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Can Cannabis Cure? Part I: Medical Marijuana

Local - 5/19/2014 6:18 PM by Stuart Hammer

OAK HILL – The legalization of marijuana is becoming a trendy topic of conversation across America, but medical professionals are taking it seriously.

"Medical marijuana is basically giving people the use of marijuana for medical purposes,” says Oak Hill doctor Hassan Amjad with the Jafary Medical Clinic.

“Now it is very controversial; what are the good reasons and conditions we can use it?"

Controversial is putting it mildly.

Republican member of the West Virginia House of Delegates, Daryl Cowles says he’s against the current landscape and use of medical marijuana.

"There are just too many unanswered questions, like what the negative impacts would be and what the proper use that we might authorize might be."

The concern for potential negative impacts is legit. Dr. Amjad says most of the research in the United States is unclear about the side-effects, specifically relating to long-term effects and the lack of testing.

“If there's chronic use without any (intent) there could be some problems. But it's really done for a purpose for medicine and a condition where there's no other treatment available, medical marijuana is useful."

But just how versatile is the cannabis plant? Amjad says it can be used to treat plenty of conditions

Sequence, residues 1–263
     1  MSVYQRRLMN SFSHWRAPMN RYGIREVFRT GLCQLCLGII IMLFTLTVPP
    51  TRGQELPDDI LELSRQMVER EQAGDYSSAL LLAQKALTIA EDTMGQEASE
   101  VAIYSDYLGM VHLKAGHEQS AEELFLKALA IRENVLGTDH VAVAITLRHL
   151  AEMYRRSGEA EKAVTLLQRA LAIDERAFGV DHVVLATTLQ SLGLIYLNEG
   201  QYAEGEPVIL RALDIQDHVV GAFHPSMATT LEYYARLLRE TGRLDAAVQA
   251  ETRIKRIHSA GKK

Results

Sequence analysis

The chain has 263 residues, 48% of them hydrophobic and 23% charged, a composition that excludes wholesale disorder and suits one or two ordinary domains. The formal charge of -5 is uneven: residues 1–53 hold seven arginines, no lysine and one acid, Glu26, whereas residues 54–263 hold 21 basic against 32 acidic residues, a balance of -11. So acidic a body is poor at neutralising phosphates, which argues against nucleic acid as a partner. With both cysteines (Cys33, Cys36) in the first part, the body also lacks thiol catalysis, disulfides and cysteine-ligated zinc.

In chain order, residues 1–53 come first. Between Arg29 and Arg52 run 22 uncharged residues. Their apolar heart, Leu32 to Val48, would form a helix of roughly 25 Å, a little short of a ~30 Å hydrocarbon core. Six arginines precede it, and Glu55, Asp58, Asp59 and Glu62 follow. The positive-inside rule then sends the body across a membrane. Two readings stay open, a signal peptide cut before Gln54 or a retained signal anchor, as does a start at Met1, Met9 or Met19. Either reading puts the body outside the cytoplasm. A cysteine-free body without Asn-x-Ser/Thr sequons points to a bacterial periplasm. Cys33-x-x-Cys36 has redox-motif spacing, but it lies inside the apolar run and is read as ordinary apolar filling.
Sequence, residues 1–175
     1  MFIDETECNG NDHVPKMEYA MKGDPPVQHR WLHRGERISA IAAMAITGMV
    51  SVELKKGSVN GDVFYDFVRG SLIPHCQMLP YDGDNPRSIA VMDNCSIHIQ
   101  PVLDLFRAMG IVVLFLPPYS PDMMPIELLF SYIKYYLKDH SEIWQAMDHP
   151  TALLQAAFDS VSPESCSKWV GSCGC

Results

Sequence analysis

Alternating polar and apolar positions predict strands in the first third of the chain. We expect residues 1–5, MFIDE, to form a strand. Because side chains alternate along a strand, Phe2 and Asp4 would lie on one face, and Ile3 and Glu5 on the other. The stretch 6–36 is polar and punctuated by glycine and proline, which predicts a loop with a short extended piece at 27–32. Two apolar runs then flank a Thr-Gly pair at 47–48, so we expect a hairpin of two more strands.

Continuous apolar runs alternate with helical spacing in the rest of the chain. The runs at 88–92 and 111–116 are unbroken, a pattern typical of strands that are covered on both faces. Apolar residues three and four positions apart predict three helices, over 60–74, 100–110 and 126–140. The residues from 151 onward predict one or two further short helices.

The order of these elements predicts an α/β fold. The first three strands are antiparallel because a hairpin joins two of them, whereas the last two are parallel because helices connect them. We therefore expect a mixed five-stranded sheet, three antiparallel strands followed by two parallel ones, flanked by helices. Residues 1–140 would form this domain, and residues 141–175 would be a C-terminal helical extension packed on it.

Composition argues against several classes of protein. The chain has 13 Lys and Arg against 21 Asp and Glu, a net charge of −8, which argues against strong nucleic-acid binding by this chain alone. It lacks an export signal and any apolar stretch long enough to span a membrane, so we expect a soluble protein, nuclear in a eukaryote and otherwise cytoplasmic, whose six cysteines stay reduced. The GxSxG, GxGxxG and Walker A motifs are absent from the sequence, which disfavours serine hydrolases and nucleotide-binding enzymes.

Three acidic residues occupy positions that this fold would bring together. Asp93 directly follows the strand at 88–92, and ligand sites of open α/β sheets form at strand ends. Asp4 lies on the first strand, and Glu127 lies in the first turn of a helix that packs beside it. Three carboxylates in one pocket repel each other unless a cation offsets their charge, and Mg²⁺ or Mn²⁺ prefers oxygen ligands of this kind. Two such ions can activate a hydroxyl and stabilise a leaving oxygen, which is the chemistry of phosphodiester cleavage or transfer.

"It is useful in bipolar disorders, multiple sclerosis, AIDS, anorexia nervosa, glaucoma, and cancer patients for nausea, vomiting.”

With all of those good things, how can you not get behind the legalization of medical marijuana? Democrat Clif Moore says he’s heard plenty of feedback from locals.

"If this is done in West Virginia, it will help my child, it will help my mother, help my daughter, help my sister,”

He believes from first-hand experience seeing his grandfather and sister suffer from incurable disease, that marijuana may help ease their pain.

“So if it has that kind of positive effect, without creating any other kind of criminal activity, I think it's something we should look into."

Criminal activity, now there's a scary word. Can it be done without adding to the already out-of-control drug problems in West Virginia?

"Certainly marijuana is a gateway drug today,” says Cowles. “And there would be concerns.”

Moore adds that he recognizes the worry that legalizing medical marijuana may provide easier access to this drug.

"A gateway drug to other things. I don't know if that's true or false, but if that's the perception than obviously we're going to have to clear that up before we move forward.”

Clear it up, that’s something sure to be a messy venture in a state riddled with drug issues.

But with two sides to every battle, the benefits remain crystal, says Dr. Amjad, in bipolar disorders, multiple sclerosis, cancer patients, and more.

While the opposition stands firm.

“The DEA or the FDA, they have marijuana scheduled as a narcotic with the stipulation that there are no medical properties,” says Cowles.

Part II of our series “Can Cannabis Cure?” will air Tuesday focusing on industrial hemp.


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